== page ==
Brontosaurus (Sinclair Dinoland)
Sinclair’s Brontosaurus and its plastic compatriots are time capsules to a moment of zeitgeist in paleo pop-culture, and stand as charming testaments to the evolving nature of paleontology and memorabilia.
Brontosaurus is one of the quintessential icons of dinosaur pop-culture imagery. Described by the famous paleontologist Othniel Marsh, the “thunder lizard” became immortalized with the first skeletal mount at the American Museum of Natural history, and further entrenched by the likes of artists such as painter Charles R.
Cave Bear (Prehistoire by Starlux)
Review and photographs by Stolpergeist, edited by Suspsy
A lot of people feel a special connection to their local extinct Pleistocene megafauna, those mysterious beasts that once roamed where we stand along with the animals we see today. The majestic Irish elk among fallow deer, the American cheetah hunting pronghorns, the mighty giant wombat grazing alongside kangaroos, or the mega lemurs fending off fossa.
The earliest vertebrates didn’t have jaws, but once true jaws evolved the animals that had them quickly became more numerous and diverse. These days, the only jawless fishes left are a few dozen species of lampreys and hagfishes, but in the Early Devonian most fishes lacked jaws. One of those Early Devonian beasts was Cephalaspis, which despite its lack of jaws is more closely related to us than to lampreys.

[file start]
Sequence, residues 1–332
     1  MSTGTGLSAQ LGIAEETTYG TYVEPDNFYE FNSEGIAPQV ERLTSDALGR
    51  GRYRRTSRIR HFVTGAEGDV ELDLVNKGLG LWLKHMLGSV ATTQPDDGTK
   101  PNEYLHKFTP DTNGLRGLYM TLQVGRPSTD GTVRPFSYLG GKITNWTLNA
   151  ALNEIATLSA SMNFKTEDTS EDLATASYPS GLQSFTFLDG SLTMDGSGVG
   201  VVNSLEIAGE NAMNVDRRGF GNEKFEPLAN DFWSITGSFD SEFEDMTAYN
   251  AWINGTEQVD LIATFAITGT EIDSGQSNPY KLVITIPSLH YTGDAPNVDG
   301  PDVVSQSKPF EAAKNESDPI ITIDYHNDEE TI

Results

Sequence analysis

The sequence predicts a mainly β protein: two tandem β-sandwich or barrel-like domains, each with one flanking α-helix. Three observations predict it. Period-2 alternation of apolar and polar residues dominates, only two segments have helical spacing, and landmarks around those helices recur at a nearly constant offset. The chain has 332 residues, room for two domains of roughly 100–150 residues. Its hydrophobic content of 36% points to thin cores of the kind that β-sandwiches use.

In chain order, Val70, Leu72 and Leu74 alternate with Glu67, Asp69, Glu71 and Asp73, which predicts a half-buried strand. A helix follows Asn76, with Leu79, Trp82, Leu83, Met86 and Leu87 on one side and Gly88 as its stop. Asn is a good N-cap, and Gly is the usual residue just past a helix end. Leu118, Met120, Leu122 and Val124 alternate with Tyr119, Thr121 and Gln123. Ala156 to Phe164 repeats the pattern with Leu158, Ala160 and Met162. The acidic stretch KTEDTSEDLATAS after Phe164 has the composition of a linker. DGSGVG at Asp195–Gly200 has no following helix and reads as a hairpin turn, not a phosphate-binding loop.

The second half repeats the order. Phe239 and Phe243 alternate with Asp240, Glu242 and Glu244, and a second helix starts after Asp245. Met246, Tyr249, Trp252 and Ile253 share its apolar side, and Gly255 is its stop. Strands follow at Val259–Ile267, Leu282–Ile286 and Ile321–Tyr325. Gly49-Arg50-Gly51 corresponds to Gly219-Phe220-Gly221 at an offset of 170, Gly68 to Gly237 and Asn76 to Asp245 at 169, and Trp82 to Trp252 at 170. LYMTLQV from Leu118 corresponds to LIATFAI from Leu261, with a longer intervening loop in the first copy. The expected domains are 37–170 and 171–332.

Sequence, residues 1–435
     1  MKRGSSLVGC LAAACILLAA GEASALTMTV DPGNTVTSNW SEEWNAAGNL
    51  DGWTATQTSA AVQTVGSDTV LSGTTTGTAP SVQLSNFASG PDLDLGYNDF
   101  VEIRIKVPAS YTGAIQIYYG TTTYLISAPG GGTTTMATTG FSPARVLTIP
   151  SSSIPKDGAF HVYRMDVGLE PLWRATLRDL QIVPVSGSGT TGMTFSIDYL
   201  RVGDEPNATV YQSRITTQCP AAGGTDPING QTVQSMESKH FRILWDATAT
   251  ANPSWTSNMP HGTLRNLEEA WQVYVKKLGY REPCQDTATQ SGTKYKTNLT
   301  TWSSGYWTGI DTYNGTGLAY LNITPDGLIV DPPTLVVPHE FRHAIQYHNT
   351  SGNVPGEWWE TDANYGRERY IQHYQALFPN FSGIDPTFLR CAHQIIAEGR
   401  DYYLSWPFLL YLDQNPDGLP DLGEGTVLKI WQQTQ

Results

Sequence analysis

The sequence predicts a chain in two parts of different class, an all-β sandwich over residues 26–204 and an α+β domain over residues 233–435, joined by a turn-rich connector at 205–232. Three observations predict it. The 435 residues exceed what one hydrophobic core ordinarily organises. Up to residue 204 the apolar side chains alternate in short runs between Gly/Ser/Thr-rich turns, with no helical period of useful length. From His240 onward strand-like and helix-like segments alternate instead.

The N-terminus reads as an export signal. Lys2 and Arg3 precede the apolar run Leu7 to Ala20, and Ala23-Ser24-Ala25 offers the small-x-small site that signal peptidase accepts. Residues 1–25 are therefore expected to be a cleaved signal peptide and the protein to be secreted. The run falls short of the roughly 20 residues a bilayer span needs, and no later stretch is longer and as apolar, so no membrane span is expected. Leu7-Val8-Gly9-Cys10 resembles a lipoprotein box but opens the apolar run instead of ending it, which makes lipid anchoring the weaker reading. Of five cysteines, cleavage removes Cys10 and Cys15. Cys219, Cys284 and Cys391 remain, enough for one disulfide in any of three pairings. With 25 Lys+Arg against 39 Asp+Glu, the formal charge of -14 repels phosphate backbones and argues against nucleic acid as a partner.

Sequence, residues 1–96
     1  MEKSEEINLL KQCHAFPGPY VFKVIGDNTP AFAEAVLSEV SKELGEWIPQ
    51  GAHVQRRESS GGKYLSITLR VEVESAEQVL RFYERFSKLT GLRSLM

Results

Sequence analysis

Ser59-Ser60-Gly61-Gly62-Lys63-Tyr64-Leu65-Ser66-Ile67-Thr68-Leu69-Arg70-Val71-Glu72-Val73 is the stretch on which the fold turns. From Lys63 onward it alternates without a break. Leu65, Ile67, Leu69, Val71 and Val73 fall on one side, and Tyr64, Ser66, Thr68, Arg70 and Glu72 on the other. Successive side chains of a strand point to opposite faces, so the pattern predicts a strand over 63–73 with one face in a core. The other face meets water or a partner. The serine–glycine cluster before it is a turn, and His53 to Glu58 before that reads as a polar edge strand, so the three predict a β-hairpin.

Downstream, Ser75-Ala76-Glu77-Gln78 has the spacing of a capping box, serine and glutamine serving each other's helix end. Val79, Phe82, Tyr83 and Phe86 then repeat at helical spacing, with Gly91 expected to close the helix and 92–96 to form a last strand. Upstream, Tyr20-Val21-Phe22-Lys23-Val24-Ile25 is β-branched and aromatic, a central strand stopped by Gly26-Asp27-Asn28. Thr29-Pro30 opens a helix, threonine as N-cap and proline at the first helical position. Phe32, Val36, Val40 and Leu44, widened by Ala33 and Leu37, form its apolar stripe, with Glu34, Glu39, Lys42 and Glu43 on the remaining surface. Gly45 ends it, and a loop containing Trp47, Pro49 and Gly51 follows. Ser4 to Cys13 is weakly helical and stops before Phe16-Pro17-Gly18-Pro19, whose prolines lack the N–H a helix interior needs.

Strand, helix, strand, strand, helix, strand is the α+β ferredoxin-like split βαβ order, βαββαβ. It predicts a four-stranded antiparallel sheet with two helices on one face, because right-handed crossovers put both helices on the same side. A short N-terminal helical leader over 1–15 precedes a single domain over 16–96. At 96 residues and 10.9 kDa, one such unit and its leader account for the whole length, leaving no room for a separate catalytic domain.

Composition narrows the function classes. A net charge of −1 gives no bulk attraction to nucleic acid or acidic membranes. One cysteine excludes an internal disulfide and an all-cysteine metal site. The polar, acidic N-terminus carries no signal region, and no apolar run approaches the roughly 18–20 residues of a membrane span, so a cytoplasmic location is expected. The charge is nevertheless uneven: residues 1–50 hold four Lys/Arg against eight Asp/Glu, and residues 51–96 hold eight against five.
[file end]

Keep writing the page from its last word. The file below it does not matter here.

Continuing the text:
A truly rare genus in the hobby to this day, MPC’s vintage figurine marks a bold move from a company most famous for its imitations – although the toy is perhaps showing its age with some design choices.
MPC (Multiple Products Corporation) is a well-known brand among experienced dinosaur collectors; their prehistoric line from 1961 and 1962 was widely sold through stores and catalogs for decades.
Once again I find myself returning to the origins of dinosaur figurines, Starlux, to look at another animal reproduced long before other companies got to it. This time, it’s Deinotherium, the terrible beast! A relative of modern elephants, this powerful probiscidian could grow to 13 ft tall and weigh as much as 11 tonnes (based on the largest species, D.
MPC’s fifth group of prehistoric animals included one truly original mold in the form of Diatryma (ie Gastornis), one of the earliest plastic representations of this icon from the post-Mesozoic age.
During the 1950s and 1960s, interest in paleontology was starting its climb back to mainstream interest, and companies like Marx took the initiative to start producing dinosaurs and other prehistoric creatures in small plastic fashion for the first time, encouraging kids to create prehistoric worlds in their own homes.
Diatryma and Phorusrhacos (Starlux)
A few months ago I stumbled upon pictures of several dinosaur figures made by the French company Starlux while I was reading through the “Recent Acquisitions” thread in the DTF. I looked up this company and found that they had made a great array of dinosaurs as well as some very obscure and rarely depicted prehistoric animals.